If you have lost a loved one in a fire, you and your family need time to mourn your loss and heal. Let our experienced burn injury legal team assume the responsibility to investigate what has happened, determine who may be responsible and to protect your financial and legal interests.
Watch YouTube Video: Treatment of Burns. The video below provides first aid safety tips on how to treat burns.Burn Injury FAQsQ: How are burn injuries classified?
A: There are three types of burn injuries.
- 1st Degree…superficial…causes inflammation…most sunburns are first-degree burns.
- 2nd Degree These are deeper burns with redness and inflammation as well as blistering.
- 3rd degree These are deeper still. Nerves and blood vessels usually damaged. Wounds look white and leathery. Because nerves are destroyed there may be little or no pain.
Sometimes burns mature. A second-degree burn can turn into a third-degree burn.Q: Does it matter how much of my body has been burned?
A: Medical Doctors refer to the rule of 9’s when talking about burn injuries. This means each of the below areas is considered 9% of the surface area of the body.
- Head is 9%
- Front of chest 9%
- Upper and lower back 8%
- Buttocks 9%
- Abdomen 9%
- Each arm 9%
- Each leg (front and back 18%)
- Each Palm 1%
- Groin area 1%
Because of the devastating nature of burn injuries, we are writing a fuller discussion of burn care below. Articles will be added from time to time until this section is complete.
Q: I was recently burned in a beauty salon when a hairdresser dropped a hot tong on me. Is the beauty salon owner responsible for my injuries?
A: Yes, it’s very likely that the salon is responsible. Here are some of the reasons a salon may be responsible for injuries to customers.
- If the technician handling styling instruments is not properly trained.
- If chemical burns result because proper skin tests were not made beforehand.
- If chemicals are mixed improperly with other chemicals causing burns or if an injury is caused by using a product that has expired.
I’m Ed Smith, a burn injury lawyer in Sacramento. If you or a loved one has suffered severe burn injuries in an accident, call me for free, friendly legal advice at (916) 921-6400 or (800) 404-5400.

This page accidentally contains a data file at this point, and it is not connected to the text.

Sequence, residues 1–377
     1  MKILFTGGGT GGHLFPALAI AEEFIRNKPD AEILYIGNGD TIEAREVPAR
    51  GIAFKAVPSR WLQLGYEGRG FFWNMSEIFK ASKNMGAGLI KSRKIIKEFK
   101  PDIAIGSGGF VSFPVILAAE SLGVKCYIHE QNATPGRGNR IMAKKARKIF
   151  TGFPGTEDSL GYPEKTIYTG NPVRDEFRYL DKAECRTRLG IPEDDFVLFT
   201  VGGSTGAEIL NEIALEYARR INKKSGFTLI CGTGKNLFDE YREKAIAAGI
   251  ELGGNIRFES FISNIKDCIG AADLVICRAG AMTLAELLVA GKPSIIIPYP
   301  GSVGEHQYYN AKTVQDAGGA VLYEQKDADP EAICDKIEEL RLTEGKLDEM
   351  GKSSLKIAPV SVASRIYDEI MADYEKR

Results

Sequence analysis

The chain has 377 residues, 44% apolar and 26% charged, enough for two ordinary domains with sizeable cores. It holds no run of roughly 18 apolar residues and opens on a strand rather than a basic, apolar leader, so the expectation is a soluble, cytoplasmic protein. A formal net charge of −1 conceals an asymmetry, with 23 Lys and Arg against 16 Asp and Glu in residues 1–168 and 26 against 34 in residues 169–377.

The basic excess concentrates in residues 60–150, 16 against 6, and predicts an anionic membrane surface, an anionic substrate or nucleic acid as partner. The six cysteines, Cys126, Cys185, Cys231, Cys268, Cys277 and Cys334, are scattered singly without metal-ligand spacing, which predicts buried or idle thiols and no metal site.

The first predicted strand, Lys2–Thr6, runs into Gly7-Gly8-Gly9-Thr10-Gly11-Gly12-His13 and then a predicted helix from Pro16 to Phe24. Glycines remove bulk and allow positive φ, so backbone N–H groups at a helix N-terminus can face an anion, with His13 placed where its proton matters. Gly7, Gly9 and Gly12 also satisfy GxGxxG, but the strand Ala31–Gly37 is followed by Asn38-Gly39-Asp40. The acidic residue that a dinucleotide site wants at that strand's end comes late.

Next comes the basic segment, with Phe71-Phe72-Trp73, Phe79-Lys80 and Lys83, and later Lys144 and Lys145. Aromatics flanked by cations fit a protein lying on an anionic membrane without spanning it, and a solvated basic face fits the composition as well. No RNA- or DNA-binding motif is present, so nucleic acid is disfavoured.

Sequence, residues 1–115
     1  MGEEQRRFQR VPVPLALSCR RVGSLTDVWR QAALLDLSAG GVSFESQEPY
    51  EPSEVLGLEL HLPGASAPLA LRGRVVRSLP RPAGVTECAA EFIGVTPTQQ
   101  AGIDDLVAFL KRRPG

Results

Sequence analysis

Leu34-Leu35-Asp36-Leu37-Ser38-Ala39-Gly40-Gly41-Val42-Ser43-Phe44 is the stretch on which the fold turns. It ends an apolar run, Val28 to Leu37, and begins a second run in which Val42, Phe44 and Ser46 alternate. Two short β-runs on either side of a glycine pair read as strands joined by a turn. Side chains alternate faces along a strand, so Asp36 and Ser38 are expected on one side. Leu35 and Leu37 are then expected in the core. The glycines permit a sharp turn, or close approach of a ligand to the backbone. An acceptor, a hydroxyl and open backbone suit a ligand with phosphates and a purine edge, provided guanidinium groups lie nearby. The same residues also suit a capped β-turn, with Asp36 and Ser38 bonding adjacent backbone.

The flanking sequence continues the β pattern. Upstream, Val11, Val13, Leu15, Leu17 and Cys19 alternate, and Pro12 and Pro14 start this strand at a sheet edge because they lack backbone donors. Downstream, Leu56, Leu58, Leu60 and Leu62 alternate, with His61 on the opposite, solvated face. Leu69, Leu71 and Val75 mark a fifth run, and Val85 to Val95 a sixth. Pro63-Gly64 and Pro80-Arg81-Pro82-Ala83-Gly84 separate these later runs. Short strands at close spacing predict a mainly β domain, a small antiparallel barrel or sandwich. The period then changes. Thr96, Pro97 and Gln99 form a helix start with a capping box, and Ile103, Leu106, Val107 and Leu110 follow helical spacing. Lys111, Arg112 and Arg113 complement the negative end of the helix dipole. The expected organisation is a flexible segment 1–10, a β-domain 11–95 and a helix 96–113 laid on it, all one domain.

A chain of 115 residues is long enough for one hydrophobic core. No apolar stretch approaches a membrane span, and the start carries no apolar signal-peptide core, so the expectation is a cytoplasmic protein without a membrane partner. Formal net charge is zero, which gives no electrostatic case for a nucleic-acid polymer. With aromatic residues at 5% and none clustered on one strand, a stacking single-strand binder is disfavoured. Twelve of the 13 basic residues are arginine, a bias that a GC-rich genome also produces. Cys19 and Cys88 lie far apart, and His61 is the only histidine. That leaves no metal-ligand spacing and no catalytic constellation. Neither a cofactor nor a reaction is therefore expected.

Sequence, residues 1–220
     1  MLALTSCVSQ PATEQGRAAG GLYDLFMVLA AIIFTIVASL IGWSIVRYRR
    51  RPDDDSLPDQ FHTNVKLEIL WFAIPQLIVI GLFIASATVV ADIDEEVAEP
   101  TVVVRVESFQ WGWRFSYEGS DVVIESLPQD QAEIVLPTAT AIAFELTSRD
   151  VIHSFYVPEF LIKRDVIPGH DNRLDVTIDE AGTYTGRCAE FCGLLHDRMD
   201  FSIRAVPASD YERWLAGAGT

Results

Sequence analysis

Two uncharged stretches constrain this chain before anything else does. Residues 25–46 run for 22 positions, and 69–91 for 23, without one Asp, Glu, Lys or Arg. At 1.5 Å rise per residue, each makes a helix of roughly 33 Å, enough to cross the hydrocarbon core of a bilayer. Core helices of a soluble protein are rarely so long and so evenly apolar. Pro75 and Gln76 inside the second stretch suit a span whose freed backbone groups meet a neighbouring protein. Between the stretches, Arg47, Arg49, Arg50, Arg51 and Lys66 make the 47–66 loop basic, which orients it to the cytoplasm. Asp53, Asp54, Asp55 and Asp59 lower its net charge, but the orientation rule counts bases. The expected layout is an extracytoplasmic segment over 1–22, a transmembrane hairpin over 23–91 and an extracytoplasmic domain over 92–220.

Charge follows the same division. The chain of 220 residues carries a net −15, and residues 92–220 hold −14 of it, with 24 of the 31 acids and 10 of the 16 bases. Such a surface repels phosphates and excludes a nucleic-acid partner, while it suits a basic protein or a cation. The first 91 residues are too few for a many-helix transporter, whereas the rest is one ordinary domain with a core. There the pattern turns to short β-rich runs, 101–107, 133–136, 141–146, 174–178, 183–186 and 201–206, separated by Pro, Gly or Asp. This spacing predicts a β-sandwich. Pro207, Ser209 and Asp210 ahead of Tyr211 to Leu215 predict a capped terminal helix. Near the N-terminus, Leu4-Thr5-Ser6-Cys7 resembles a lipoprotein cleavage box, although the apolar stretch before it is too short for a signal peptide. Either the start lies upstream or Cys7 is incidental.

Please take a look at what my firm has obtained for past clients at our settlements and verdicts page.
See our client reviews and ratings on:
Photo by Magda Ehlers from Pexels
Editor's Note: This page has been updated for relevancy. [cha 10.1.19]
- Anesthesia for Burn Patients
- Burn Care and Burn Teams
- Burn Injuries in the Elderly
- Burns to Children
- California Burn Injury Centers
- Care and Reconstruction of the Burned Hand
- Care of Burn Patients in an Outpatient Setting
- Caring for Electrical Burns
- Chemical Burns
- Debriding Burns with Enzymes
- Disability Assessment following burns
- Initial Evaluation of Burns
- Initial Treatment and transport for Burn Injuries
- Kidney and Renal Failure in Burn Victims
- Nursing Care for burn Victims
- Nutrition for Burn Victims
- Pain Management in Burn Patients
- Pre-hospital Management of Burn Patients
- Psychiatric Disorders and Burns
- Reconstructing Burned Breasts
- Reconstructing Burn Injuries
- Reconstructing Head and Neck Burns
- Rehabilitation for Burn Victims
- Reintegration of Burn Patients into Society and Home
- Respiratory Care for Burn Patients
- Statistics on Burn Injuries
- The Skin Bank
- The Treatment of Burn Infections
- Traumatic Facial Burn Injuries
- Treating Burn Victim Deformities
- Treating Lung Injuries in Burn Cases